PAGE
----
Attack on Alaska Star V
Not now, I thought. I desperately needed a few hours of sleep. That was hard enough with a ten-hour time difference. But the ceiling illumination of my hotel room was blinking stubbornly. Avar, my personal AI assistant, only does that when there is a real emergency. It is how she communicates with me when I switch her to the “Do Not Disturb” mode. There was even a short text message on the ceiling:
Cyberattack on Alaska Star V
That could not be. It was technically impossible – completely preposterous. It’s the year 2045! Cyber wars are a thing of the distant past. Data communication was converted to quantum cryptography about twenty years ago. The reason was the complete failure of the global network in the early 2020s, triggered by an international cyber terrorist group’s attack on dozens of Internet hubs. The entire system collapsed: the electric grid, transportation and most of the factories that had been networked with Industry 4.0 technology. Through the concerted action of the United States of America, the United States of Europe, China and the African Union, the network was re-stabilized piece by piece. After just a week, refrigerators and factory equipment were running again. The economic damage: roughly $1.5 trillion U.S.
What happened next was even more significant: Over a short span of time, the international community launched dozens of satellites solely for the purpose of quantum communication. It also invested in the construction of a common network of quantum computing centers. Most of them were built in remote locations in northern latitudes. These facilities have two advantages: First of all, they are easy for the international security forces to protect; secondly, the outdoor temperatures are so low that the supercomputers can be cooled with ambient air most of the year. The highest performing quantum computing center of all time, Alaska Star V, is in Anchorage. It was due to be inaugurated the next day. I was in town to report on its launch for my tech blog.
“Okay, Avar, what’s up? Are you sure this is not a deliberate false report by a post-factualist?” My assistant answered softly: “I’m sorry for keeping you from your rest. But the message came straight from the global Interior Ministry. There will be a press conference at the computing center in an hour, and the minister himself is going to speak. That’s all I know.” I got up and asked Avar to book one of the share-scooters parked in front of the hotel for me.
An hour later, I was in a heated tent on the computing center grounds. It was put up especially for the opening ceremony. “Ladies and gentlemen,” the interior minister said at the start of his impromptu speech, “like every other computing center in the Star model line, Alaska Star V is connected to the global network exclusively by means of quantum satellite communication. You all know it is absolutely impossible to physically falsify a message encrypted with quantum cryptography. But this is precisely what must have happened a few hours ago. We found malware on one of the computers. We have to assume that we are dealing with a very powerful attacker who has taken control of at least one of the Star satellites. Alaska Star V is off line. Investigations by the leading experts from all the participating countries have begun. Please understand that I can’t say more or answer questions at this point.” There was immediately an uproar. Reporters from across the globe were shouting questions across the room. But not me. I slumped into my seat. Something was wrong. But what was it?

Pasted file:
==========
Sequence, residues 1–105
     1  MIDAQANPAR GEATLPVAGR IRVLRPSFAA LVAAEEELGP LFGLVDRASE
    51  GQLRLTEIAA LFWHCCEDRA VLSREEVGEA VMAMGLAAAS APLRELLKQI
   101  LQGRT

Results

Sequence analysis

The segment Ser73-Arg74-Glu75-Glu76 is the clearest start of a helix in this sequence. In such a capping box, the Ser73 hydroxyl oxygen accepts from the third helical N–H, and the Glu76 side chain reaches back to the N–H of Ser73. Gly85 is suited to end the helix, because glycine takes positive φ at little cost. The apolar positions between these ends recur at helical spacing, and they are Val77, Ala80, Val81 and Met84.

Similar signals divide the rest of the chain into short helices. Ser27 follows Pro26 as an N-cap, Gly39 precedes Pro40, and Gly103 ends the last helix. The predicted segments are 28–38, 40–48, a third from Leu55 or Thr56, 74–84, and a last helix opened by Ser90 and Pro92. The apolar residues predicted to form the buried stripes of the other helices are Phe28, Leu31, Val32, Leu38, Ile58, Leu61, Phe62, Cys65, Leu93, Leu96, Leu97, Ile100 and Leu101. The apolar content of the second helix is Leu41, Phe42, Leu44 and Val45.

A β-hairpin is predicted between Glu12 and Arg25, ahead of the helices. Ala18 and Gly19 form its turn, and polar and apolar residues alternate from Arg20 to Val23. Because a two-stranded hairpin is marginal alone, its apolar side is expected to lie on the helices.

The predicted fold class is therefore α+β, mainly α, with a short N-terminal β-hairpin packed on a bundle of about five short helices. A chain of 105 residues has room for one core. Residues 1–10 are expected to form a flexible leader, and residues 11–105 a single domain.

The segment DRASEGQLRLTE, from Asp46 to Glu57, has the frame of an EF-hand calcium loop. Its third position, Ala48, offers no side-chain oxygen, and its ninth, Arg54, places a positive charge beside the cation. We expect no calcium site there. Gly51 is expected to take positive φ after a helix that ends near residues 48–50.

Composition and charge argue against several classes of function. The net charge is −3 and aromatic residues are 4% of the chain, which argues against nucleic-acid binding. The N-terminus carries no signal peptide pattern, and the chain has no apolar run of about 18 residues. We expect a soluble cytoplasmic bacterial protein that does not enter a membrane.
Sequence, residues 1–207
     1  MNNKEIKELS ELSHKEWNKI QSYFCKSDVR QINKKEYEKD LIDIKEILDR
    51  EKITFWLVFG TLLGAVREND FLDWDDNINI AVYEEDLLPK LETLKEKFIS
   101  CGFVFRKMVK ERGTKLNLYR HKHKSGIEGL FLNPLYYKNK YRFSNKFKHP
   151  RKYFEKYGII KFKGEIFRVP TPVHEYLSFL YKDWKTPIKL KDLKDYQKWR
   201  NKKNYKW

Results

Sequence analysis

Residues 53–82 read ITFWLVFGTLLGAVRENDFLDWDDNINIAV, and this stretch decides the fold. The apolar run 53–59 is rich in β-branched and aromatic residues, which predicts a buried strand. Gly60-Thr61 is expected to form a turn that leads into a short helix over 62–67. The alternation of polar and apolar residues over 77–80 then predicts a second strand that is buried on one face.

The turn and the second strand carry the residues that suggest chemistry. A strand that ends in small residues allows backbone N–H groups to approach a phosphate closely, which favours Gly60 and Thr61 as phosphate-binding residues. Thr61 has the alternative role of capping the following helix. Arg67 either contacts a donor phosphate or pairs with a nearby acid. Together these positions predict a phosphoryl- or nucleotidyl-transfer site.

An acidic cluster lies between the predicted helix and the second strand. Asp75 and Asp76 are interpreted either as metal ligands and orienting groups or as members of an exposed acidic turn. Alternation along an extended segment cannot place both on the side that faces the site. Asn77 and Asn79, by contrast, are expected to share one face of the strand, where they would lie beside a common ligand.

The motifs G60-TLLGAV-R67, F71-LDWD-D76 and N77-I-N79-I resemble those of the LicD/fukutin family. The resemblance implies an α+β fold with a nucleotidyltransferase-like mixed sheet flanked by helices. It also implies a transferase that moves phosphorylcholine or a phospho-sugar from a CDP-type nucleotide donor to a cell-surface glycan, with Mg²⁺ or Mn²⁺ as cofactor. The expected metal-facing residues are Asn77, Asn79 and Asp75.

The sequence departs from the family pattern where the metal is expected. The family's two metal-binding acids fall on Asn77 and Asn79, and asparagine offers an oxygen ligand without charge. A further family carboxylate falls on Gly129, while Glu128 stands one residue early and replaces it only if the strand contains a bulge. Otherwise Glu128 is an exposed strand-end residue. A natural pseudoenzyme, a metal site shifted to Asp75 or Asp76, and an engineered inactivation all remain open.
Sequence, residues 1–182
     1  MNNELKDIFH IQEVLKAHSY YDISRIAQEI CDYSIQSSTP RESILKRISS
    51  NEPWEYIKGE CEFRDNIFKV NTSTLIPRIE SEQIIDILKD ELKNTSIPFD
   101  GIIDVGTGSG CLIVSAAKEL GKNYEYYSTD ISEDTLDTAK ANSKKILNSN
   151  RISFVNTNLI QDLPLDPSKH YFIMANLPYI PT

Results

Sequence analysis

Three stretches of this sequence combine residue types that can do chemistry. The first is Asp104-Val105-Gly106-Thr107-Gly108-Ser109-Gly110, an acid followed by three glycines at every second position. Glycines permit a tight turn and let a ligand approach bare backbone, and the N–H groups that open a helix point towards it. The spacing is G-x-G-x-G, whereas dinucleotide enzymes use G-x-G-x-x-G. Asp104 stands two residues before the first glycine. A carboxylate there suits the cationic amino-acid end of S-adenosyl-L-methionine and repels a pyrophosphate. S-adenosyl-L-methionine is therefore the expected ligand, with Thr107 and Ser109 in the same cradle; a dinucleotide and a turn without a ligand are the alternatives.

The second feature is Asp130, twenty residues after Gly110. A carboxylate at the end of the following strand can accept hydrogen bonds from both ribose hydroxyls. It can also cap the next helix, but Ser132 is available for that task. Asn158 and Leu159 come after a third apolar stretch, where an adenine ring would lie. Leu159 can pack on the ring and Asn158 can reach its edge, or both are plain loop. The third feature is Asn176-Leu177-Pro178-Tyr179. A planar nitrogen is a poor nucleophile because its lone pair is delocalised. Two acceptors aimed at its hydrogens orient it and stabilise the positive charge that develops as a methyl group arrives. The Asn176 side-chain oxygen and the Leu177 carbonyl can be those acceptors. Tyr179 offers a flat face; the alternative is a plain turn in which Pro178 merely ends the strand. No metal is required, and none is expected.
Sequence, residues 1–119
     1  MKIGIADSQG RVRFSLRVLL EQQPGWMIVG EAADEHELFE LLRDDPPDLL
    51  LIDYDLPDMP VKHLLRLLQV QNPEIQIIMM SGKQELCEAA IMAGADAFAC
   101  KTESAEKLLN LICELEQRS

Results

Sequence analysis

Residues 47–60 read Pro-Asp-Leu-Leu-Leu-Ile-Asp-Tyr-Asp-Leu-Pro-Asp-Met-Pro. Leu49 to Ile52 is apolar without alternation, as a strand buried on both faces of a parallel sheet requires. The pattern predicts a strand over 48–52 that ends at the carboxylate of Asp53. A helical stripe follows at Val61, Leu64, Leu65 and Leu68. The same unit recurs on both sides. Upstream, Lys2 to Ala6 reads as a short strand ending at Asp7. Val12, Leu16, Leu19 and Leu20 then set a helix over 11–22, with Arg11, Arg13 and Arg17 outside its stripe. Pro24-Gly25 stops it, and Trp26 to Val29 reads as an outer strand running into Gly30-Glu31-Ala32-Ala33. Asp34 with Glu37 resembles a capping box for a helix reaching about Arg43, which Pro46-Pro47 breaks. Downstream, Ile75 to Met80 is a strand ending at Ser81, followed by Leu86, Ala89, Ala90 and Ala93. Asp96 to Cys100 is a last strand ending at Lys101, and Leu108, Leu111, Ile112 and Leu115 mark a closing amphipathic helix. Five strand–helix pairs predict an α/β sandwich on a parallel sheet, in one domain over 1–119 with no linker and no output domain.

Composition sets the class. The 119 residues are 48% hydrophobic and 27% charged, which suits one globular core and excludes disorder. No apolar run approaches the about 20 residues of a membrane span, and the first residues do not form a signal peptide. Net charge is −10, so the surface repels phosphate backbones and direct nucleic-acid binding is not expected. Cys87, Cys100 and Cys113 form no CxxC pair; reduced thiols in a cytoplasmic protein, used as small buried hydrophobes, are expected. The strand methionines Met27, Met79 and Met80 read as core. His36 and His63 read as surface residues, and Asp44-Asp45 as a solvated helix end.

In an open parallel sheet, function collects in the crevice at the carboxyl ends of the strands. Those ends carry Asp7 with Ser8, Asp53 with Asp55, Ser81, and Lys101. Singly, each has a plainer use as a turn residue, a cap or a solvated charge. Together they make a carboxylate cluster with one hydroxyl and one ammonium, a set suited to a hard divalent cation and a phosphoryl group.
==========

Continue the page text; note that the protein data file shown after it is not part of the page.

I had to eat something. I can’t think when I’m hungry. The tables set up for the buffet for the next day were empty. But the caterer’s delivery truck was already parked in front of the tent. I went outside through the side entrance and watched a man in blue coveralls balancing a plate of salmon rolls in his left hand while activating an iris scanner for the center’s door opener with his right. This was presumably food for the engineers. They could certainly spare one salmon roll. I walked toward the man, but he disappeared. I barely managed to get my hand into the doors before they closed. The corridor beyond it was empty. I was familiar with these double-door systems from my previous visits to computing centers. Normally, the second door at the other end is accessible only with another ID check. But here it was open – strangely enough, without an alarm activating after twenty seconds as it would ordinarily. I had a sneaking suspicion about what I was seeing. I raced out of the building. Back at the tent, I found one of the security guards: “Officer…”
The next morning, the interior minister was standing before reporters at a second hastily called press conference. “Ladies and gentlemen, I have two pieces of good news. First of all, quantum communication continues to be absolutely secure. The attack on Alaska Star V took place in a different – let’s say old-fashioned – way. A number of individuals disguised as the catering staff succeeded in penetrating the building physically and manipulating one of the quantum computers despite the massive security measures. The second piece of good news is that the cyber terrorists were arrested last night thanks to an alert journalist with a craving for salmon rolls. Alaska Star V will begin its regular operation as scheduled today.”